Now that sounds pretty crazy, I have to admit. You’re lining up toward the heel, you’re lining up toward the toe, it doesn’t sound consistent. So why is this so much better?
Well two things are going on here. Your body’s ability to adapt and adjust is being improved. So sometimes I’m going to start hitting on the heel all the time, and I’m not going to feel like I can change.
By doing this drill, starting on the inside and swinging out to the heel, starting on the outside swinging in to the toe, now I know how to adjust. I know the feeling of how to adjust and I can do that on the fly.
If I ever have a day where I just keep on hitting the driver in the heel, this works with the same with a driver, then I can adjust and hit it more toward the toe, or more forward of the sweet spot.
I can do that in one or two swings, and my day’s saved. My round isn’t a disaster. Now that’s the first thing that’s going on, you have the ability to adjust.
Number two, by being able to control this like that, now you’re betting having awareness of where the club face is.
If I do the same thing over, and over, and over again, I may get into a habit of hitting off the heel or the toe, and not even realize it. It may feel more comfortable.
I may have better practice when I try to line up and do the same thing every time. But when I get out to the course, that doesn’t transfer over. I don’t have as much control of that golf club.
If I practice this way, it’s tougher when you practice. You always want to make your practice the hardest, and that way the on the course seems easier.
It’s tougher when you practice here, when you get to the course it’s easier and you know how to have an awareness of this club face.
So do those drills. I promise you, those sound crazy, but if you do them, you will have better contact.
Follow this up, the final five reps I’m just going to lay down golf balls and I’m going to try to hit five shots as clean and solid as I can. Nice and straight toward the middle of the green.
If you do these drills, it’s going to work wonders for your golf game.
All right, so I was actually sitting here struggling a little bit after shooting this video, that last clip there, and I’ll tell you why.
You know what most people would like to hear, and what feels good is to say OK, let’s put both these tees down here, let’s put the ball in the middle, and let’s swing along and if you can go through those tees, you’re going to become a much better golfer and the game is going to get a lot easier.
That’s what we all want to hear, and that’s probably what you hear a lot of other coaches saying. You’re just having to do these drills, do the same thing over.
Things that you like to hear, things that feel good, so why is that I’m promoting to do something that isn’t as fun, that is a little bit more of a struggle, and is a little of a weirder drill.
Well here’s the thing, here’s what the research has shown, and that really the reason this is going to make you so much better of a player.
If I set down at the driving range, and I did these last five reps, and I put the ball between the tees, and I just hit that ball every single time, and I said, OK, I’m going to miss those tees, and I’m going to hit this ball solid.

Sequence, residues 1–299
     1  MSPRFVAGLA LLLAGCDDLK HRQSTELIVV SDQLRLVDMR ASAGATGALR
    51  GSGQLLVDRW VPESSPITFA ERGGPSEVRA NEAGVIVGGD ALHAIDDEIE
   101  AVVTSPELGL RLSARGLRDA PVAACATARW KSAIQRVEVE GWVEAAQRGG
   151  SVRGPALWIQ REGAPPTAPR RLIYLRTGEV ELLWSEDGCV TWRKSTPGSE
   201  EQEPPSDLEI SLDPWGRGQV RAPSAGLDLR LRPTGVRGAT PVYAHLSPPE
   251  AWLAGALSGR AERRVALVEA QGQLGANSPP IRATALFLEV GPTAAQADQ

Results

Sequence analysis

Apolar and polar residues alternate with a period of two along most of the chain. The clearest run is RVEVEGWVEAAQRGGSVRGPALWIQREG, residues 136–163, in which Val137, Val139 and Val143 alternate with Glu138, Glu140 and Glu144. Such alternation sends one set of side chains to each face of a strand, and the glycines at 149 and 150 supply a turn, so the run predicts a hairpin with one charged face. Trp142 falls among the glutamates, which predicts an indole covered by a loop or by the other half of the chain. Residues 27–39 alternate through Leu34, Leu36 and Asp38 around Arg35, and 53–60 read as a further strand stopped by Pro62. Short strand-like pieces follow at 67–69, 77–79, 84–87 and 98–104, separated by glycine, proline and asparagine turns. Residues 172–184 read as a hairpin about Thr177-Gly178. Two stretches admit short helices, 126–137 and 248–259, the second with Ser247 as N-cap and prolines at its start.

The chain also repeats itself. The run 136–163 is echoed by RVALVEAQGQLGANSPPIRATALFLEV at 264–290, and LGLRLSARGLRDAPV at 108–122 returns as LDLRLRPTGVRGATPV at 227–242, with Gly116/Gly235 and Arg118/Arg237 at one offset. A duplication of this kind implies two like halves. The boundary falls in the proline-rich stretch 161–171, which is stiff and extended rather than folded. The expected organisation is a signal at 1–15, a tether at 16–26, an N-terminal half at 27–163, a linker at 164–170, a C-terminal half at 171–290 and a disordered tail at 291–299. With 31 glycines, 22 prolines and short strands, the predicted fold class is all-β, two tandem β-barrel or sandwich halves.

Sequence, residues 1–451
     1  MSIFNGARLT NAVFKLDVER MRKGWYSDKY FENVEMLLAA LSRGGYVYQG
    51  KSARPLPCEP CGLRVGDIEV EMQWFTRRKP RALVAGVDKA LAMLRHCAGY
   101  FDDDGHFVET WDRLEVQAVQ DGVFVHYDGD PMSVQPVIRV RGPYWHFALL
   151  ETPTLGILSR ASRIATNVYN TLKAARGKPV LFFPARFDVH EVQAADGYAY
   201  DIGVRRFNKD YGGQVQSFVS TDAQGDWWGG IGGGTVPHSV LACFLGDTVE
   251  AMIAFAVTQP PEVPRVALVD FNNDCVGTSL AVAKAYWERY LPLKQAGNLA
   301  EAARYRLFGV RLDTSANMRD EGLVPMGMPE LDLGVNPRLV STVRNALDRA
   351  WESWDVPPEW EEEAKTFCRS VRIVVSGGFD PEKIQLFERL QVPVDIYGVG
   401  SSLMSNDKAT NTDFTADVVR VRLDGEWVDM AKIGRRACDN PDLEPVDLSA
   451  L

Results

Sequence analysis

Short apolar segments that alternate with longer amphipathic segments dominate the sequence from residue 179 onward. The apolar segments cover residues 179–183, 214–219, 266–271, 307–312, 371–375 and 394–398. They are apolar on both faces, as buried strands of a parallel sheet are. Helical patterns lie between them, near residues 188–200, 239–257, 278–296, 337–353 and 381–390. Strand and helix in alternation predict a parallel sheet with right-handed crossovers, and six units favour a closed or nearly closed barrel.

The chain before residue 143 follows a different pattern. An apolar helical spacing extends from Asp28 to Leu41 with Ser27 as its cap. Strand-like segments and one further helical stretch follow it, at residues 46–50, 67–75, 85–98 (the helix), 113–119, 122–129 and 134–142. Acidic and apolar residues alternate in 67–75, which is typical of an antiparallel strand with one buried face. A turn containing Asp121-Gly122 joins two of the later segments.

I’m not going to worry about changing it up and adapting, do all that frustrating stuff that’s a struggle. What’s going to happen is my performance on the driving range is going to be much better.
You’re going to hit the ball better right now. But the problem is, I didn’t really learn anything about how to adjust and adapt when things get off.
So when I take it to the course, and maybe I have a downhill lie, I side hill lie, I’m hitting it off the heel, I’m hitting it off the toe, all these different things are happening to me.
When things get off track, I have no ability to adjust. So even though my performance was high on the range, it’s going to be low on the course. It’s going to plummet.
We’ve all had those times where you take out your 7 iron or your 8 iron, and you hit 30 or 40 range shots in a row, you’re hitting it great.
Then you go to the course where you have to switch up the shots, you only get one 7 iron and then you’ve got to hit a driver, and then you’ve got to mix up all these clubs. The performance tanks again.
So the research has shown that if we really want to improve our performance, if we want to go to the course where it matters, and be able to hit the real good shots when it matters the most, we have to make practice a struggle.
We have to do these drills that force us to get out of our comfort zone, to learn how to control the club even better, it’s going to be harder.
You’re not going to have as much fun on the driving range, but it’s just five swings. Anybody can struggle through anything for five swings and get a little bit out of that, and get a step higher and improve a little bit more.
Not going to be as fun on the range, but it’s a lot more fun when your scores go down. That’s why I’m recommending this stuff.
So how do I make this even easier? There is a little bit of technique. We didn’t touch much on technique in this video.
One of the things that really helps with all these contact drills, and what I see players struggling with, is coming over the top and getting steep, and we’re kind of chopping down into the ball, even if you’re just doing that a little bit, that really makes it tough to have these nice, solid, compressed golf shots.
One of the things that’s going to help us more than anything is what I call The Move. That’s shallowing out this club in the transition, getting that club into the slot, so now I can deliver the club very consistently into the ball.
That piece of technique is really going to help these drills to happen. When you pair up The Move with what we did on these drills, your game and your ball striking is going to get better.
It’s going to be a little bit of work, it’s going to be five or six swings, a little bit of a struggle, but we’re going to get better, we’re going to hit more solid shots. I’ll see you in The Move.